Saturday, 11 April 2009

Blog review 2

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Busy week on the blog, and very satisfied with the progress, and response, so far. I have had a lot of feedback and it has given me much food for thought.


So far I have been mostly concerned with getting background information on the blog. Particularly how the campaign was developed. I had not realised just how many blog entries there would be, or how difficult it would be to use it as an archive. I have had much good advice, particularly from Clive Smithers, and this has helpled me to think about presentation


During the past week I have been distracted by starting two new blogs. One deals with our life in Spain, and in particular our other love - hill walking. I have started this from when we moved to Spain in 2006, so again a lot of existing material to put on the blog. The other one is a record of our many battlefield holidays. This one is in the form of a diary, and great fun to research amongst diaries and old photographs.


Now I need to consider the best way to go forward in terms of presentation. Should I start a new blog for the 1813 campaign? This seems a good idea, as there will be a lot of entries dealing with different phases of the campaign, and battles within each phase. But then I will have to find a way to cross reference the two. No doubt this can be done, but I am increasingly aware of my lack of knowledge about the mechanics of blogging!


Then there is how best to present the campaign and the battle reports. Reading through the Campaign Diary I am not very pleased with the maps. I have no skill as a map maker, and do not wish to devote the time necessary to produce professional looking maps on the computer, even if I had the ability. They work quite well enough for me, are easy to make, and easy to maintain. But they were not designed to share with others. I am considering how to improve them to make them easier to understand and in particular easier to read. Not sure how this will go, but Jan and I are considering how we could improve the existing ones, or perhaps make new ones.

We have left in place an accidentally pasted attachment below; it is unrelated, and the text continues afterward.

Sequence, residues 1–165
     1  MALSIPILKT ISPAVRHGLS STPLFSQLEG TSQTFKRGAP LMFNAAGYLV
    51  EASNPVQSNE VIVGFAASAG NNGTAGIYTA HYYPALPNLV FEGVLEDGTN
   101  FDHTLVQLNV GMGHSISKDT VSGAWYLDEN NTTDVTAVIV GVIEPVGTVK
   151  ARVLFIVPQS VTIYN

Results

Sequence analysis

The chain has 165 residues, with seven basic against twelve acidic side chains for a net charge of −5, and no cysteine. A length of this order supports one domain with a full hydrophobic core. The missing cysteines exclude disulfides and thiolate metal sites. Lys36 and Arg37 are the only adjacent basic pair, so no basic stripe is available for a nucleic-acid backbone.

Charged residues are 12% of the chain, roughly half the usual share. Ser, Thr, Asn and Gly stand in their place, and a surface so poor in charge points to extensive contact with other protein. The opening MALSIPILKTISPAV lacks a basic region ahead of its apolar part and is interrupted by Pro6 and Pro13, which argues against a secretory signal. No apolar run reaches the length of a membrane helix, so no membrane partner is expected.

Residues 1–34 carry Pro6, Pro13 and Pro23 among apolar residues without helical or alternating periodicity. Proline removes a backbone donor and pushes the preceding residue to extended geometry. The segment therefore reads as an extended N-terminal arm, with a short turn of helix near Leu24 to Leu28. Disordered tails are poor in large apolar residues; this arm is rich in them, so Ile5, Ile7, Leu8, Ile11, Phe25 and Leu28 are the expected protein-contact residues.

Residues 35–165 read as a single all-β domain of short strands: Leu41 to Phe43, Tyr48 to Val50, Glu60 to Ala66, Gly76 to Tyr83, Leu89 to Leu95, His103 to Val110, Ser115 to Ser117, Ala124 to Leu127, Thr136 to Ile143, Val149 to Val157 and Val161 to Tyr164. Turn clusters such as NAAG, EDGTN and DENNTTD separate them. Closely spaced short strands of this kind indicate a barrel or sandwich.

I am more pleased with the battle reports, but anxious for feed back. There are two ways to approach the battle reports. I could type up long descriptions of each battle, with details of the tactics and rule results. I am afraid that these might be rather boring, or worse difficult to understand. Or I could produce them along the lines of a comic strip, a series of photos with the minumum of text. I have chosen the latter for my first attempt. However some of the feedback has asked for more details of the tactics and how the rules work. I have asked on the forum I use for more feedback.


Finally we have friends visiting today, and staying for four days. So I will have to take a break from the blog - which is probably a good thing! Hopefully when I return there will be lots of feedback and suggestions.


If you have any ideas or suggestions to improve the blog, and in particular the battle reports, now would be a really good time to let me have them.


Thanks for visiting - and come back soon.


Paul

2 comments:

Dave said...

Hi Paul

I got the rules you sent - Thanks. They have been printed and I've given them a once over. I have a few questions but that will be later.

I personally like the "comic" book approach to battle reports but would also like more info on how your rules work in the battles. So my suggestion would be to keep your present presentation but possibly add more detail on how the rules work in those battle winning turns/actions. If that makes any sense.

I would also be interested in your campaign rules. Such as what is the effect of roads and crossing rivers where they don't exist.

Thanks
Dave

thistlebarrow said...

Hi Dave

Thanks for your comments.

I am not really happy with the battle reports, and I plan to work on them over the next few days.

I had also thought about a blog on the campaign rules. But they are so simple it hardly seems worth while. However I will do something shortly.

Let me have your queries on the rules by email, it will be quicker to answer that way.

Paul